Charter is the unequivocal winner of this standoff. Indeed, the agreement details above completely validate my argument last week that ESPN no longer has the same leverage it enjoyed for decades. Remember, Charter was willing to meet Disney’s demand for higher ESPN affiliate fees; what Charter wanted was all of Disney’s non-sports content too. That used to exist on Disney’s cable channels, but Disney — along with the rest of Hollywood — had broken the bundle by putting all of their best content on its streaming services. Now the ad-supported Disney+ will be a part of the cable bundle as well, along with the future ESPN streaming service.

Disney did, of course, get its rate increase and minimum penetration guarantees, and will charge for Disney+; that charge, though, is balanced out by the elimination of the channels that Disney cannibalized from the bundle.

More important is the fact that Disney has been forced to give up its attempt at double-dipping: no longer can the company get paid by Charter for channels and charge subscribers directly for what is generally the same general entertainment content. That was what Charter wanted, and Disney, lacking leverage and the reality of massive sports rights fees that presumed the presence of Charter’s millions of TV subscribers, gave in.

Future of TV — Winner: Disney

Here is perhaps the biggest surprise in this deal: I actually think it is Disney that is the bigger winner when it comes to the future of TV. Note this paragraph in the press release:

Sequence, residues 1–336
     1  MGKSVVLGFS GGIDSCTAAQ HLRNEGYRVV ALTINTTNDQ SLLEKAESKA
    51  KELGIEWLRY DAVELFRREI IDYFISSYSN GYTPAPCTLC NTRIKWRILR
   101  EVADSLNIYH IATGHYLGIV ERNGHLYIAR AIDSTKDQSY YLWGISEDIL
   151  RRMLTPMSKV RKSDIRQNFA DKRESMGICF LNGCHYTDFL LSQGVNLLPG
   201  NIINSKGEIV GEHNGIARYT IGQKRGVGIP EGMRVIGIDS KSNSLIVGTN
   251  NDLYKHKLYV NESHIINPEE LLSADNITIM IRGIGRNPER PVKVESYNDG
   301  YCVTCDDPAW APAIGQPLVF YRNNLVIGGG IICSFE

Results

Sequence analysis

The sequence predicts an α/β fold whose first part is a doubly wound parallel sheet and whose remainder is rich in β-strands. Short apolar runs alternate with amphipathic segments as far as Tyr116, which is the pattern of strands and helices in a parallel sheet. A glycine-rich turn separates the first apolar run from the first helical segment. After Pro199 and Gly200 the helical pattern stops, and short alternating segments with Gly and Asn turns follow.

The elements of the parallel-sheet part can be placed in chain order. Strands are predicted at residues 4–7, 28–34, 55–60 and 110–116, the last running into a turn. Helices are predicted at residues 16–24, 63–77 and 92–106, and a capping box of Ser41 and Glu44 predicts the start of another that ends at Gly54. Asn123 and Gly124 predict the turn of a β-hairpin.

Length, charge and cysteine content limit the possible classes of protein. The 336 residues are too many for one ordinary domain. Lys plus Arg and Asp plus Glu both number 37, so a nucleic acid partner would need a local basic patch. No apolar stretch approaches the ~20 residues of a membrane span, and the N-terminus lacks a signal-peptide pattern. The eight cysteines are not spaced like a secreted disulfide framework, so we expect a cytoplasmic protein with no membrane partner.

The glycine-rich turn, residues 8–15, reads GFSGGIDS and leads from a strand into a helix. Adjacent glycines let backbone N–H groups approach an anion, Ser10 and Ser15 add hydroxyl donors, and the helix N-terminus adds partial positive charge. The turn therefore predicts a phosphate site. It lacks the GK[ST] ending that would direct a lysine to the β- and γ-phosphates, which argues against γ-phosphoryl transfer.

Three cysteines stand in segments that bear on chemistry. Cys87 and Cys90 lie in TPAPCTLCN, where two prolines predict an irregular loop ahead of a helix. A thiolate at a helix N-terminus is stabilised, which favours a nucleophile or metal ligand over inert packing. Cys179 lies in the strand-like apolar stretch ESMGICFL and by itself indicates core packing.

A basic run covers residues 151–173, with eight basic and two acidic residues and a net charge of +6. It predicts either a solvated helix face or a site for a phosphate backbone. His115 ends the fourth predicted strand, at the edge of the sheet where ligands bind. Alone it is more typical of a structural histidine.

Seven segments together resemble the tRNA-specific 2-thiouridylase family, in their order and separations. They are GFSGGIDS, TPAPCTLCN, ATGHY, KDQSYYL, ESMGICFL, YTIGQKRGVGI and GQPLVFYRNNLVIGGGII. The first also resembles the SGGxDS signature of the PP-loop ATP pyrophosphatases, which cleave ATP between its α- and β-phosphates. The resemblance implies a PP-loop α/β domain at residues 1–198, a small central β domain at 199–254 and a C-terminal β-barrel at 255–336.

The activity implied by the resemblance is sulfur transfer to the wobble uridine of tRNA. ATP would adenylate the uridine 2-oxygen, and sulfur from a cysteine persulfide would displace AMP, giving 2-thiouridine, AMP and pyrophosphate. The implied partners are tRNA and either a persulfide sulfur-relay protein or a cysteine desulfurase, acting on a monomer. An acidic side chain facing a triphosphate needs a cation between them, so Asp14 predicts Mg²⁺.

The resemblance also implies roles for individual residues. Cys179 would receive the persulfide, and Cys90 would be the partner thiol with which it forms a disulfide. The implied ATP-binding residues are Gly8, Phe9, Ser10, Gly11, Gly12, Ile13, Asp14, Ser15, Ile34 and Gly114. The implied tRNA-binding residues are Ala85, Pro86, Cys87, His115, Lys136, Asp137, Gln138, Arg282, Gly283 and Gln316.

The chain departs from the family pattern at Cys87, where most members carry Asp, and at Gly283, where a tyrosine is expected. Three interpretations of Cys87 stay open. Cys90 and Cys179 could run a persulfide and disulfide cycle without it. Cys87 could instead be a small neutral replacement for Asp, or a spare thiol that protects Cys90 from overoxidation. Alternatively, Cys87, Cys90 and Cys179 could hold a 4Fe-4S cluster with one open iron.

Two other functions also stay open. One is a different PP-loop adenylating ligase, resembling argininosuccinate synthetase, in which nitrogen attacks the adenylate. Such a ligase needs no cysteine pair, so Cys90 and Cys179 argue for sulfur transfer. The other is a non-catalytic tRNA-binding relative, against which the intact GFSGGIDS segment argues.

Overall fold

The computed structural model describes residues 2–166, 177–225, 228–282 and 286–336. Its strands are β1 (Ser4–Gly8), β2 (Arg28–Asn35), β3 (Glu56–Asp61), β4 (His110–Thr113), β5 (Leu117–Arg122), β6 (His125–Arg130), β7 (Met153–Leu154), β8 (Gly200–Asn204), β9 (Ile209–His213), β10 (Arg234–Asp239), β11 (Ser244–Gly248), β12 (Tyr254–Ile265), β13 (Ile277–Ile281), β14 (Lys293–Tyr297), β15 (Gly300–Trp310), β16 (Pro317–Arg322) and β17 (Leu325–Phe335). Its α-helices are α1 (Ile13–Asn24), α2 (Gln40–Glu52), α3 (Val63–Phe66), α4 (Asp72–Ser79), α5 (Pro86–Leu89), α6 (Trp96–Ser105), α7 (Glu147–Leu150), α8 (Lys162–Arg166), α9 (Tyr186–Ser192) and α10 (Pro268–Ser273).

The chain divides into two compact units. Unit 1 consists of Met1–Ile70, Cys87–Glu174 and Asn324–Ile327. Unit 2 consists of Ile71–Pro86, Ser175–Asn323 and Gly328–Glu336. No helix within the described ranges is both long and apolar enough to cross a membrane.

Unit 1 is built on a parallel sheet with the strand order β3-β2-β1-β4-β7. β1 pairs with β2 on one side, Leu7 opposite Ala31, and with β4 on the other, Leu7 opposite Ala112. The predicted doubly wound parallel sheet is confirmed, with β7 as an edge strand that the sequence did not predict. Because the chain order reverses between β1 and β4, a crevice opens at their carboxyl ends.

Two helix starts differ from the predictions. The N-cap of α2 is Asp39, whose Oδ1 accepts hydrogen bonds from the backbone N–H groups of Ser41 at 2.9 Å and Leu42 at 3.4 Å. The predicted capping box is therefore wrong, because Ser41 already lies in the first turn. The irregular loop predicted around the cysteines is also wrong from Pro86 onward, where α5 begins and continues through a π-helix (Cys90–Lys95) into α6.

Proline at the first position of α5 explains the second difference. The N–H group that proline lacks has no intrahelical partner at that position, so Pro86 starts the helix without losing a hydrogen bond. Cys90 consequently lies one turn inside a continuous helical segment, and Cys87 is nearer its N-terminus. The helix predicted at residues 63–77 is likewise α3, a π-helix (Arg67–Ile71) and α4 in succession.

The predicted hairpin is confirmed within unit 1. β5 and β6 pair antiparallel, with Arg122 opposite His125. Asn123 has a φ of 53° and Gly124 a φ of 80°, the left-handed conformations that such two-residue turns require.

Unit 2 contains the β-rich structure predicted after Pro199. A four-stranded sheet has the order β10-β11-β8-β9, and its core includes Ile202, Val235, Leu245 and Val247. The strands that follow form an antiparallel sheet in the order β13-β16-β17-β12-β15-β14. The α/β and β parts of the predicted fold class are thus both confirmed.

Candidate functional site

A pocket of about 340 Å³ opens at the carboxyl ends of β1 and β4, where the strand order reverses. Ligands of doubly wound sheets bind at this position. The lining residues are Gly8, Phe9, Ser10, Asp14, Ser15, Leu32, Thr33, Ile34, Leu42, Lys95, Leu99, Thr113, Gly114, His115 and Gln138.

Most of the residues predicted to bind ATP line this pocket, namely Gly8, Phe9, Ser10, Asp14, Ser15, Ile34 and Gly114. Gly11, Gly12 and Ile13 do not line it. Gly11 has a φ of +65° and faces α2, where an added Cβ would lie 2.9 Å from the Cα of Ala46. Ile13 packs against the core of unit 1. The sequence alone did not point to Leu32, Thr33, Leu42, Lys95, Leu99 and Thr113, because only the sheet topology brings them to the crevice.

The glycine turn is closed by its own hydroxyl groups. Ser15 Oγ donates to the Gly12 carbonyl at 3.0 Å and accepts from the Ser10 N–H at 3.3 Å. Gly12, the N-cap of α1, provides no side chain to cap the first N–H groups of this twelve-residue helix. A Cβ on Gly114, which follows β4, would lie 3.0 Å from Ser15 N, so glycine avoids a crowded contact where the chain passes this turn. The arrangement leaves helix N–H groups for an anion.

Charter will also use its significant distribution capabilities to offer Disney’s direct-to-consumer services to all its customers – in particular its large broadband-only customer base – for purchase at retail rates. These include Disney+, Hulu and ESPN+, as well as The Disney Bundle.

I wrote extensively about the go-to-market capabilities of cable companies and why they were well-positioned to bundle streaming services last year in Cable’s Last Laugh; I will refrain from quoting half of the piece, and briefly summarize:

  • First, Disney, along with every other streaming service, needs help improving their go-to-market efficiency; in this there is no better asset than the cable companies’ existing go-to-market machines.
  • Second, Disney, along with every other streaming service, needs help lowering churn. When you are a standalone streaming service the only way to stop churn is by continually producing new must-see content, which is extremely expensive. It is much easier if you are part of a bundle and sharing the burden of generating new content with other companies.
  • Third, Disney, along with every other streaming service, has come to realize that their greatest growth opportunity is in advertising. A profitable advertising business, though, depends on scale; the fact that Disney has just quadrupled its ad-supported Disney+ base is a big deal!

It’s obvious, of course, that a stronger bundle is better for Disney’s existing cable channels, particularly ESPN; what should also be clear is that a stronger bundle is better for Disney’s streaming services as well, and now Disney is committed to building exactly that alongside of Charter, and inevitably over the next several years, every other pay-TV provider.